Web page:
Shipyard Brewing Company Smashed Blueberry
Tonight … Yes, I drink at night. Not exclusively, but when I am doing reviews, I find it helpful to have reruns of “Millionaire Matchmaker” in the background. You know what sucks about that show? Well, everything. How the eff hard is it to find a broad who’s looking for a desperate millionaire? Oh my god, a broad who’s open to dating a rich dude who’s willing to advertise his riches as a way to snag dames? Well, that must be as rare as a leprechaun or Whoopi Goldberg fan? I mean, where would one even start to find one of these elusive creatures in a down to Earth town like Beverly Hills? Further proof this is Satan’s most diabolical creation since David Hasselhoff? My wife hates it. This is a woman who watches all the “Real Housewives”, “Jersey Shore”, and thinks I’m worth marrying. Her standards aren’t what one would call refined. At any rate, tonight, I am delving into a Smashed Blueberry from Shipyard Brewing Company.
Shipyard Brewing Company Smashed Blueberry
Apparently, Portland is a good beer town. All you here is how many breweries there are, how beautiful it is, and how great the people are. I really gotta get out to Ore … wait, whaaaaat? Shipyard is based out of Portland… Maine. Ohhhh. Yeah, but still. Well, Portland, ME is the home of Steven King. Wait, actually that’s scary. Will this beer be scary, too? Like how I made that transition there? That’s what we in the writing game call “tying it all together.” At least that’s what they taught me at the Learning Annex course I took to become a “writer”.
Short answer, NO!
I have to admit, I thought this beer would suck. Maybe not suck (eh, maybe), but be wildly disappointing. I am not what you’d call a Shipyard fan. Most of their beers don’t do it for me. I recognize some love them. People rave about Smashed Pumpkin and Lost Continent, not to mention some of their regulars. But, I put them in the same category of many foreign-brewed IPAs. Likely good, but probably traveled so far that they lost that essence of deliciousness. Like “Captain America” screening in Turkey, it may not translate. Still, I do like blueberries, and this beer got an A- on Beer Advocate. Maybe those nerds have a point. I guess I‘ll sink $8 bucks into this fool’s errand.
What is it like?
Whoa! Hold on. This smells amazing. Myself, once brewing with blueberries, I have to say, they are tough to work with. Shipyard managed to get the aroma just right. Familiar to most (especially those of us with parents not exactly concerned with nutrition), Fruity Pebbles are the hallmark of fruity aromas. Not always is this a good thing in beer, but that sweet, fruity aroma works here. It could be the signifier of a mess, but based on what follows, the blueberry aroma is welcome and a taste of wonderful, inviting the drinker to dig in. Is it real blueberry aroma? I don’t know. I’m thirsty (and on a deadline). Time to dig in.
Fruity Pebbles are the hallmark of fruity aromas. Not always is this a good thing in beer, but that sweet, fruity aroma works here.- Jace Milstead
Holy lord. This tastes good. Yes, the blueberry is sweet. Hmm, I shouldn’t like this. It’s sweet. The bottle says “with natural flavor.” Kinda vague, huh? It’s like one of Hef’s girlfriends advertising she has original parts. I am sure she does, but which ones? Not impressed by the fact you still have your original brain, sweet pea. Likely it’s what got you into this problem in the first place.
Does it sound like I am complaining? I feel like I should be, but damned if this beer is not so overwhelmingly good that it overcomes all of its obvious obstacles.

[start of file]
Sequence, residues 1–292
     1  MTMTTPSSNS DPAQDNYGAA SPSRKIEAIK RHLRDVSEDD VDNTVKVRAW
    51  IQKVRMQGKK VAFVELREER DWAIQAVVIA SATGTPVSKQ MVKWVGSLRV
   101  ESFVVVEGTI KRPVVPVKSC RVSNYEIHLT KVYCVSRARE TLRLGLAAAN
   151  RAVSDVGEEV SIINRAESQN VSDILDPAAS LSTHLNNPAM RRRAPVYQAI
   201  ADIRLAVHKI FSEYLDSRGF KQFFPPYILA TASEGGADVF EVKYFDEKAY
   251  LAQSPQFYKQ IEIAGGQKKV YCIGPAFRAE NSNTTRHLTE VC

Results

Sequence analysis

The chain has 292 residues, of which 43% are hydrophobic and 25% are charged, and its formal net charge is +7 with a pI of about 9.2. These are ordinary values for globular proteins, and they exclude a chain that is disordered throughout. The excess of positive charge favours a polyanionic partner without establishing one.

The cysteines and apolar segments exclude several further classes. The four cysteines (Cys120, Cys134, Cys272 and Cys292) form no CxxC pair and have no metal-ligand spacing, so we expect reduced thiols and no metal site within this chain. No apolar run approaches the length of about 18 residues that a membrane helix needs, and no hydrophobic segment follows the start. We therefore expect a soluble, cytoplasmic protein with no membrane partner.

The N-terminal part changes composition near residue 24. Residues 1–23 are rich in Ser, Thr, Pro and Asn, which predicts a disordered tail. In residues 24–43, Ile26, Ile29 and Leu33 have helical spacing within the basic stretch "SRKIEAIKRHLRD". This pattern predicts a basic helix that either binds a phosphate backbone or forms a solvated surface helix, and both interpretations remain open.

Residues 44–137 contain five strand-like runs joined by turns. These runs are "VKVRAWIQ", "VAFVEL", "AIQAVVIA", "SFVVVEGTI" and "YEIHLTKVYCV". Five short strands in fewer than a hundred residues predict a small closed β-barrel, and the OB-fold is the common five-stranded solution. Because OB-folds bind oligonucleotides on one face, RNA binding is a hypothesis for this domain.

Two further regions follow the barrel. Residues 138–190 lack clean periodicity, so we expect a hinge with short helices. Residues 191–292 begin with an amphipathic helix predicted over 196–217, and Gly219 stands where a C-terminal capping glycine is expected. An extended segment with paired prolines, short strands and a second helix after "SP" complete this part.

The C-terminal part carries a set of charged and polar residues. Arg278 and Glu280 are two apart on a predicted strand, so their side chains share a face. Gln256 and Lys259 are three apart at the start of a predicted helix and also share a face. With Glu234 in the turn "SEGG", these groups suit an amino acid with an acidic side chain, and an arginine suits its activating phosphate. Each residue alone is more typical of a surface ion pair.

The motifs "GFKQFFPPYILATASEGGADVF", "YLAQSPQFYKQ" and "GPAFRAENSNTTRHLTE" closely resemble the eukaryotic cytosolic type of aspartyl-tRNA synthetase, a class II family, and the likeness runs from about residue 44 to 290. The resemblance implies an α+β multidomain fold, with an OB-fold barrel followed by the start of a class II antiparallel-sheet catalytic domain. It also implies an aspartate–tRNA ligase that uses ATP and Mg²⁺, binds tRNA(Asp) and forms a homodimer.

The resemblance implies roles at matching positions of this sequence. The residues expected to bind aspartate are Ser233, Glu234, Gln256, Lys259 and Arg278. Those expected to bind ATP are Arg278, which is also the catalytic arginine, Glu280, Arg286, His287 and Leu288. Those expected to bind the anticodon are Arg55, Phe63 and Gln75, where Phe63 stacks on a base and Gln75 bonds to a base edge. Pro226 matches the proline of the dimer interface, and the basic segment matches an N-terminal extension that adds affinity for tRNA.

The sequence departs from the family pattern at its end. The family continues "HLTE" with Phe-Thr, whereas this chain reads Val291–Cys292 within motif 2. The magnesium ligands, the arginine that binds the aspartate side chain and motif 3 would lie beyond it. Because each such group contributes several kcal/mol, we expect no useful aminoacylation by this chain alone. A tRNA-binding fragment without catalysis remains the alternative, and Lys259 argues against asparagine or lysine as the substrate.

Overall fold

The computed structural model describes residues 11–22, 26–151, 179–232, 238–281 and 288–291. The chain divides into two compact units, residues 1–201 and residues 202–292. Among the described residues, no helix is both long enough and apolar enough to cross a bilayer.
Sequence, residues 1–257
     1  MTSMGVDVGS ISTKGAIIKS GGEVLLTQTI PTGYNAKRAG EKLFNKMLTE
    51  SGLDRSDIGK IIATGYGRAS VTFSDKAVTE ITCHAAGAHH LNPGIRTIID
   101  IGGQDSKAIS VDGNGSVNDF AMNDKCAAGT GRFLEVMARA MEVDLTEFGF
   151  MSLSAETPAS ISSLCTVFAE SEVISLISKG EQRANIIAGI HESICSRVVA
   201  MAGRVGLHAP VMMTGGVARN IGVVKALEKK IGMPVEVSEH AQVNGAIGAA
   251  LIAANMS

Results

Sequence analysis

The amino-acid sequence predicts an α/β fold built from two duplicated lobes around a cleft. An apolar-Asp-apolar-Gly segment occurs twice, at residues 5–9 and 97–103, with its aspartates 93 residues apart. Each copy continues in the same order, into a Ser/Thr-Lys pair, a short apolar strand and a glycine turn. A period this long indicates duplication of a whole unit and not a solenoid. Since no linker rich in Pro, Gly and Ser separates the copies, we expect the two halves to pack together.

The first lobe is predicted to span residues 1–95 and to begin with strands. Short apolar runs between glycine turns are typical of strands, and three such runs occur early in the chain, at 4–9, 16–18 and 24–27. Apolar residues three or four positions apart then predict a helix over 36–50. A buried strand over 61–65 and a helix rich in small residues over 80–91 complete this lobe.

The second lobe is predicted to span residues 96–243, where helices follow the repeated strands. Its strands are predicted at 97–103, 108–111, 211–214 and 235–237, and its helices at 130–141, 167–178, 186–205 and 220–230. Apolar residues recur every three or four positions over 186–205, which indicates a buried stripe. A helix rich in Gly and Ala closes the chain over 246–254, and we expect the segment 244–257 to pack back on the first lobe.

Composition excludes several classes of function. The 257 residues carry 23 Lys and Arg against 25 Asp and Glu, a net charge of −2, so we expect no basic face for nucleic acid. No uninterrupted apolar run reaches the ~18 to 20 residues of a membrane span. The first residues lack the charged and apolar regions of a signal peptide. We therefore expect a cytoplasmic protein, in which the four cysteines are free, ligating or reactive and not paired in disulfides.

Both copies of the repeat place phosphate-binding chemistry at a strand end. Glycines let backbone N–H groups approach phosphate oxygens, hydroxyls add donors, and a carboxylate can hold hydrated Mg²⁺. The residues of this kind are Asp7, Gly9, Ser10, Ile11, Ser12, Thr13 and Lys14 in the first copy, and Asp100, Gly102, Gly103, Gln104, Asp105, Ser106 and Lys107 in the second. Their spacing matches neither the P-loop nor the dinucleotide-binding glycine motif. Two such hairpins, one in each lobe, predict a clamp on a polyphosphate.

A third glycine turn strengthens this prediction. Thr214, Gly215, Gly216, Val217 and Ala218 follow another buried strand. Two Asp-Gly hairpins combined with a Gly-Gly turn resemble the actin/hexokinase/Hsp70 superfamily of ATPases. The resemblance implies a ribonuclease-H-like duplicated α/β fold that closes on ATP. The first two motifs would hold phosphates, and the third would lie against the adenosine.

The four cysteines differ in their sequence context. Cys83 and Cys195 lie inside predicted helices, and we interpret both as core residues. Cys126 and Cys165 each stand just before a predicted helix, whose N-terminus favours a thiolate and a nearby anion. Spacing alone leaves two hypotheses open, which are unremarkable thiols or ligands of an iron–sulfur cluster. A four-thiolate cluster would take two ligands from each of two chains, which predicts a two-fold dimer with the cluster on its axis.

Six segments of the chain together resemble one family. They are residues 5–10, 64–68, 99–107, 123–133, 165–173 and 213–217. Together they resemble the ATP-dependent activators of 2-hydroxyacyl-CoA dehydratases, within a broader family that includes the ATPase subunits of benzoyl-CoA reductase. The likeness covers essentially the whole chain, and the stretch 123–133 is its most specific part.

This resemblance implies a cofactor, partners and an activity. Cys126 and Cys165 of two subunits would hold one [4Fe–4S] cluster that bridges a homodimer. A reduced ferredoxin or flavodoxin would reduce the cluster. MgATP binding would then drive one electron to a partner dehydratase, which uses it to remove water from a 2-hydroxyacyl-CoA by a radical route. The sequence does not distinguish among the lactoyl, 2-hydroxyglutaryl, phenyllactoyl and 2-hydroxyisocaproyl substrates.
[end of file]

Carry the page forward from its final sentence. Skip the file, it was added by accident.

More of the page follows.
Six hundred words into this, and I haven’t really gotten into the beer. Well, as every word is precious, I should get down to it. I mean, I can’t just sit here, writing random thoughts, delaying the necessity that is completing the task at hand, can I? I mean that would be irresponsible, right? Far be it from me to be … ohh. I did it again.
Alright you weirdos that have continued reading till this point, let’s get down to it. (It’s a big bottle, and I’ve got plenty left in my glass). It pours a dark brown. Dark. Even in appearance this feels imperial; perhaps daunting. A decent head, but nothing more than would be appropriate for the style. Then you’ve got the nose. You know how I feel about the nose.
Shipyard says it’s a porter meets a scotch ale. Really? I mean, I get sweetness, which would be redolent of scotch ale. But is that the malt, and not the blueberries? I kind of doubt it. Scotch ales are notoriously low in hops, their country of origin being a poor region for growing these delicious beasts. But here, I get a slight kiss of bitterness towards the end.
Moreover, the roasty malt, chocolate character, and less acidic coffee qualities make for a beer that feels hefty, but not heavy or cloying. There’s substance here; a bulky body. But, on this bulky body, you have balance- the malt against the fruit. The roast counters the sweetness. What would be a beefy imperial porter (or scotch ale, if you don’t scoff at the brewer, as do I) is now a balance of a beer for dames (those that are looking for loser millionaires) and a big, fatty nerd-centric tank that would be impressive on its own.
Shipyard has find a way to make a beer, great on its own and use the fruit to enhance it, not try to be the star on its own.- Jace Milstead
Most fruit beers are lame. You thought it. I said it. I get paid for saying it. Not really, but I am trying to embezzle from the company. This beer will change your mind. Shipyard has find a way to make a beer, great on its own and use the fruit to enhance it, not try to be the star on its own.
Shipyard! With Pumpkin Head and Smashed Pumpkin making appearance now(ish), I have to revisit. Well done. You may have turned me around. Mazel Tov, as most people in Portland, ME are apt to say.